Policies and practices that promote access to healthy eating can dramatically change the quality of life for countless New York City residents and can help set the standard for the rest of the world to follow. Studies have long shown that a healthy diet is linked to a reduced risk of disease including heart disease, diabetes, and cancer. Healthy eating can also lead to weight loss, improve memory, strengthen bones, and a longer life.
Ban Unhealthy Eateries at Government-Controlled Buildings. In promoting healthy eating, Aaron believes that the city must practice what it preaches. New York City should create a policy in which only healthy eateries and local growers can lease government-owned retail space. This means that unhealthy eateries would be banned in food courts in airports, train stations, subway stations, government offices, and parks. Aaron supports banning unhealthy eateries in government buildings to make room for an abundance of affordable, fresh food choices, and to incentivize consumption of healthy, humane, and locally grown foods.
Healthy Dining Dollars. Dining plans have long been a staple of college and university student services, allowing access nutritious food at a reduced price. “Dining dollars” at colleges and universities typically promote discounts at participating local restaurants. Establishing a similar citywide Healthy Dining Dollars program would involve health conscious, small restaurants who enroll with the City government to provide residents with various discounts when purchasing food. Any individual living below the poverty line would be automatically given a $150 voucher each month to spend at these registered healthy eateries. Those above the poverty line could also buy into the program to receive significant discounts from these small restaurants. Not only would these businesses see an increase in profits by expanding their citywide exposure and accessibility, but also, residents could save money and be enabled to make healthier food choices.
Promoting Healthy Eating in Schools. Our schools should be showing students from an early age what healthy eating looks like. Children should be given opportunities to practice what they learn in health classes by working with kitchen staff to assist in making healthy choices in their cafeterias. Aaron supports promoting healthy, balanced meals served at both breakfast and lunch for all students. Our kids deserve healthy school lunches made with fresh produce and local ingredients, not processed foods. Aaron will eliminate the processed, unhealthy, frozen foods that are leaving our children with lifelong medical complications and, instead, require school cafeteria workers be taught how to make healthy foods from scratch.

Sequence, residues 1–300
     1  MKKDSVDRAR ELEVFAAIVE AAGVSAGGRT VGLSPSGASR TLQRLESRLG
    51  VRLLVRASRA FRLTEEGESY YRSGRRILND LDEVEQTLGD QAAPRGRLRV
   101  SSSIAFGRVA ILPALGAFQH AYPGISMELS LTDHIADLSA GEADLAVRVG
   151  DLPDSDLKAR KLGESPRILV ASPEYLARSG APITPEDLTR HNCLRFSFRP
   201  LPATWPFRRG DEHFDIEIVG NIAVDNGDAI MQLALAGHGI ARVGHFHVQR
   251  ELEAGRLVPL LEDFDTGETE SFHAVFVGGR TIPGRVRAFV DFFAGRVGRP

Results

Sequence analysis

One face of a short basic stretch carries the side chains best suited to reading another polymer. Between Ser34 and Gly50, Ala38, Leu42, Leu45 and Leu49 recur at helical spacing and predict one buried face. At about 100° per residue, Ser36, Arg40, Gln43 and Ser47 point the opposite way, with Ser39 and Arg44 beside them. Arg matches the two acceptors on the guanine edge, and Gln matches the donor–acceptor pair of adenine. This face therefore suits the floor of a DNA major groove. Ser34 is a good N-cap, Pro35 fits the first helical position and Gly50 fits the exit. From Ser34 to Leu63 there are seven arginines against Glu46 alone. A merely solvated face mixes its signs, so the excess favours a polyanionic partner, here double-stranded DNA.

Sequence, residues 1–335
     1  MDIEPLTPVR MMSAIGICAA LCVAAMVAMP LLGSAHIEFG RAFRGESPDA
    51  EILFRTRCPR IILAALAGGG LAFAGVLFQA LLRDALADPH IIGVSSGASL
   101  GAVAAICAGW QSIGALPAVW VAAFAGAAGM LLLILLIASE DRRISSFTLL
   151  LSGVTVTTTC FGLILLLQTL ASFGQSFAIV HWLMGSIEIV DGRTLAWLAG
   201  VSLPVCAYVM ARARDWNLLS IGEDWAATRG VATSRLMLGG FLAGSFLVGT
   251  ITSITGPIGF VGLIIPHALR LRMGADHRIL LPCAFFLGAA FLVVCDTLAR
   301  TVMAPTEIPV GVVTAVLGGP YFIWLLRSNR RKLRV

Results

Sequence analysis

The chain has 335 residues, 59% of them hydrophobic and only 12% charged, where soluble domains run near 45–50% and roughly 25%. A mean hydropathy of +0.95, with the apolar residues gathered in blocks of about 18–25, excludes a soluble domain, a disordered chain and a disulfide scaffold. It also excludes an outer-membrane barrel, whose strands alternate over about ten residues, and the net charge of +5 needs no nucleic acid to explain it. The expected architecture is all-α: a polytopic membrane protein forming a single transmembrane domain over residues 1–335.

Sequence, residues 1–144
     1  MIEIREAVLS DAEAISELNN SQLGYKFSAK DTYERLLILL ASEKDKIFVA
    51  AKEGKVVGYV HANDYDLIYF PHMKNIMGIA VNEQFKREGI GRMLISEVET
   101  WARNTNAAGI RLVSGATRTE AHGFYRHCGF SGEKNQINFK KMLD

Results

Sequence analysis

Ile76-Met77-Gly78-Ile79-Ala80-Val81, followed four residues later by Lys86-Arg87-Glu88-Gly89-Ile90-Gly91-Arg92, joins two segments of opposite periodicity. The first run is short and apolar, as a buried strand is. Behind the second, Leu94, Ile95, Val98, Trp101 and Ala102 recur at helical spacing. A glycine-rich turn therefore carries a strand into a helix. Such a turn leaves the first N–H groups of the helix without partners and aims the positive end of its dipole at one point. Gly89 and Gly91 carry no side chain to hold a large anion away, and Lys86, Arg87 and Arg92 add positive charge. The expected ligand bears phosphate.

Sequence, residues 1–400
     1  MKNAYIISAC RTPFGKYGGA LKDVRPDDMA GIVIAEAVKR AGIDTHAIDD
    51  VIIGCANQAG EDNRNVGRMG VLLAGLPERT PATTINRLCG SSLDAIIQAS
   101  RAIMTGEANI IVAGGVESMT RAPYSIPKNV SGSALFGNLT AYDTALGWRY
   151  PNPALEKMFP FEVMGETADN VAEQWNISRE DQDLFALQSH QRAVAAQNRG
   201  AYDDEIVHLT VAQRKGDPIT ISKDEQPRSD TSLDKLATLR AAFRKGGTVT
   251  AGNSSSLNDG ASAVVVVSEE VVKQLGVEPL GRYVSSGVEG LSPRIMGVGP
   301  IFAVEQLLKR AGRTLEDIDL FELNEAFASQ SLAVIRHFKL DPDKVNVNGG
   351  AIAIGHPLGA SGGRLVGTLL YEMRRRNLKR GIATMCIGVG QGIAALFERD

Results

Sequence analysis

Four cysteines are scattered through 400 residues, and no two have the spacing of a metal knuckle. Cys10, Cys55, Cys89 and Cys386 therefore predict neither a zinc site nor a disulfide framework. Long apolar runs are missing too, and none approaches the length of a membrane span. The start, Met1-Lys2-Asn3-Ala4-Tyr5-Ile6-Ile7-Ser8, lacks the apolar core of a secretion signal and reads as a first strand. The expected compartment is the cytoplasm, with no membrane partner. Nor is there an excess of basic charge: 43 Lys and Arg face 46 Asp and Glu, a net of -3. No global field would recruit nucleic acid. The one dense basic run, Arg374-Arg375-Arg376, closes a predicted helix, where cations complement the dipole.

Address Food Insecurity. Unfortunately, more than 1.2 million New York City residents, nearly 15% of our citizens, are food insecure. These New Yorkers go without access to adequate food to support an active, healthy lifestyle. Instead, they often eat cheap, processed food, which is linked to obesity and illness. Expanding support for food and nutrition assistance programs is a necessity to make the city healthier and to help it thrive. Especially since we now live in the era of COVID-19, and given that current leadership has failed to address how nutritious eating habits can keep us healthy, successfully addressing food insecurity will set standards for the rest of the world.